Brightest Stars

See Mira the Wonderful at its brightest

Star chart showing the constellation Cetus the Whale. An arrow points to Mira's place in the sky.
In August, look east in the wee hours after midnight, or southward by dawn. Mira is part of the constellation Cetus the Whale, or Sea Monster. It’s the friendliest-looking monster you’ll ever see. In a dark sky, look for the lopsided pentagon that makes up the Whale’s Head. Will you see Mira? Only if the star is near its maximum brightness. In 2021, that’ll happen on or around August 18. Check Stellarium for a view from your location.

Mira the Wonderful

Although stars appear to shine at a constant brilliance, many are variable stars. They brighten and dim over many different timescales. Their changes in brightness are often too small to be perceptible to the unaided eye. But the star Mira, aka Omicron Ceti, is different. Its brightness changes are large and distinctly noticeable to the eye. Depending on when you look for Mira, this reddish star in the constellation Cetus the Whale might or might not be visible. It goes through its bright-to-faint-to-bright cycle about every 332 days. Mira has a predicted brightness peak coming up. It should be brightest on or near August 18, 2021. If you’d like to see this unusual star in 2021, now’s your chance.

Early astronomers noticed this star’s dramatic and regular changes in brightness. Mira sparkles in the sky, getting progressively dimmer, and a few months later, it’s gone! Then, after some months, it’s back again. Its brightness changes led the 17th century astronomer Johannes Hevelius to name the star Mira, from the Latin word for wonderful or astonishing.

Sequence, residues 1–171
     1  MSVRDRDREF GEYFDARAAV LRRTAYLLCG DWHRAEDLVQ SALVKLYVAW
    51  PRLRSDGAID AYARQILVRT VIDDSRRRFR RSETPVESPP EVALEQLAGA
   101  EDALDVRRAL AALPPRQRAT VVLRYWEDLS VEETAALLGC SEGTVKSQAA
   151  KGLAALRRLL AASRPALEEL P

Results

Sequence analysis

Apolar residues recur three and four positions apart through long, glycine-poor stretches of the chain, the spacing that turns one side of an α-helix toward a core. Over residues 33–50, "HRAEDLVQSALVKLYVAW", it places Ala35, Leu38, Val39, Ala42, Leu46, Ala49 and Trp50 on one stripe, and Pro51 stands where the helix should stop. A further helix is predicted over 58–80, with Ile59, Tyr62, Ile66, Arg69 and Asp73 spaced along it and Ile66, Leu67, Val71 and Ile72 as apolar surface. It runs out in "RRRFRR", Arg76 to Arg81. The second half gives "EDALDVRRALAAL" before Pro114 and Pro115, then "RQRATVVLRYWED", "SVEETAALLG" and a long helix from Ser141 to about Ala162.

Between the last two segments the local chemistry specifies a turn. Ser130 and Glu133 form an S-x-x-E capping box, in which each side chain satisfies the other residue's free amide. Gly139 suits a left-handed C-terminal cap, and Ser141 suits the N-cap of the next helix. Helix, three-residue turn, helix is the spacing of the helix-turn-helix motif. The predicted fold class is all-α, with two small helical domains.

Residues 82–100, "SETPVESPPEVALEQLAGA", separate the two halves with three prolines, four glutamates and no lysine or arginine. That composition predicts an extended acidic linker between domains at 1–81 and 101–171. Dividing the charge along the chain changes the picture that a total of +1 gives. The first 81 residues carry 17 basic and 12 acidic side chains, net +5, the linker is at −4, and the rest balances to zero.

So Mira is on track to hit another brightness peak around August 18, 2021. How bright will it get? That’s a question many variable star observers are eagerly waiting to find out.

Now you see it, now you don’t

Mira has an average peak brightness of magnitude 3.5. It’s not one of the sky’s brightest stars, even when brightest. It gradually fades to around magnitude 9 (too faint to see with the eye; for reference, in a dark sky, the unaided eye can barely detect a magnitude 6 star). Then it rebounds back to its peak brightness. So Mira undergoes about a 159-fold change in brightness, as it moves through its 332-day brightness cycle.